I really don't understand all of the to do surrounding Spelling Bee's recently. Perhaps that's the pain of being in sixth grade and not knowing how to spell "rheumatism" talking, but I just don't get it. Still, the evidence is there that people are somehow enthralled by kids that get on a stage and try to spell words, considering recent cinema, musicals and the fact that kids dressed in white stalling for time, spelling things and winning $42,000 if they can avoid screwing up for longer than anyone else is now worthy of prime time ABC (though, considering the prime time schedule when there aren't hundreds of kids in Polos spelling "euonym", I guess that shouldn't be that surprising).
So out of curiousity, I checked the news last night to find out the final word.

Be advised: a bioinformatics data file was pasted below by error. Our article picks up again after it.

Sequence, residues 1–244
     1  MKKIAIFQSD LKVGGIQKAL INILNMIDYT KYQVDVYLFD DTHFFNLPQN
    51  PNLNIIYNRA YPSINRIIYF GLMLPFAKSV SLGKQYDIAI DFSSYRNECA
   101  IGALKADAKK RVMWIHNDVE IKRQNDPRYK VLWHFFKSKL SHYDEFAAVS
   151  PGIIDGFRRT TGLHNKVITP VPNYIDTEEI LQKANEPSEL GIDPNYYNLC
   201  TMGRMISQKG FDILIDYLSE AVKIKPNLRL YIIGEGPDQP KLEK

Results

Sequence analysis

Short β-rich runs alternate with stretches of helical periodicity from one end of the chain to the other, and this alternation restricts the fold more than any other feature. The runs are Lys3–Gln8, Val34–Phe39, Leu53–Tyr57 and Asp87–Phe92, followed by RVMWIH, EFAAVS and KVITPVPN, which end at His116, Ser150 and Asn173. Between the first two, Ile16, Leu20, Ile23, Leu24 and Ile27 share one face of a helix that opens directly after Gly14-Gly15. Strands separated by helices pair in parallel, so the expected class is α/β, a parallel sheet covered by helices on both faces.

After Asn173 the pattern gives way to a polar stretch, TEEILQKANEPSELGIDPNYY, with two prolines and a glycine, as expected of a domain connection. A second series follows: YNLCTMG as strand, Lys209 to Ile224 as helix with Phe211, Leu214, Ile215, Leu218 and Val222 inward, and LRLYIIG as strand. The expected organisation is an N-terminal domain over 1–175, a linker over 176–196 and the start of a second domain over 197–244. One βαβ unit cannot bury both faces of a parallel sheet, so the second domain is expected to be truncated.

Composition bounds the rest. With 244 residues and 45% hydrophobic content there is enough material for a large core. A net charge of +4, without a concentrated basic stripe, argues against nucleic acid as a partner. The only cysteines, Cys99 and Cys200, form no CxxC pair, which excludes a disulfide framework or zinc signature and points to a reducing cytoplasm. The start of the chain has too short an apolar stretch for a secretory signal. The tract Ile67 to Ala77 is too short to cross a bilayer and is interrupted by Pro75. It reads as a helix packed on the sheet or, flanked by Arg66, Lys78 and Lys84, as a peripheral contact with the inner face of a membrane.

And it angered me.
I, for one, like it when I have no idea how to spell a word that's winning someone a boatload of money. If, in 2004 you'd asked me to spell autochthonous, which means "indigenous", but which I'm going to pretend refers to the Cthulhu mythos, I'd have had no clue where to start, other than a vague notion that it might start with the letter A. If I were asked to spell "chiaroscurist", meaning "A painter who uses light and shade rather than colour to create the illusion of volume," I'd have been lost and confused, uncertain of what to do other than physically attacking whoever decided that that word was needed and should be that complicated. But last night's final word "Ursprache"? Come on now. "Ur-" is a common enough prefix that it should be recognized (as in "Urfaust", the first draft of Goethe's Faust). "Sprache" is one of the first words you learn.
Then again, I minored in German, and she's like fourteen. So that might be why.
Still though, I mean, good for the winner and all, but "Ursprache"? It's not 1984's winner, "luge", which had been in the Olympics for twenty years at that point, but still, I can't help but think that the people who come up with Scripps' list could have done better.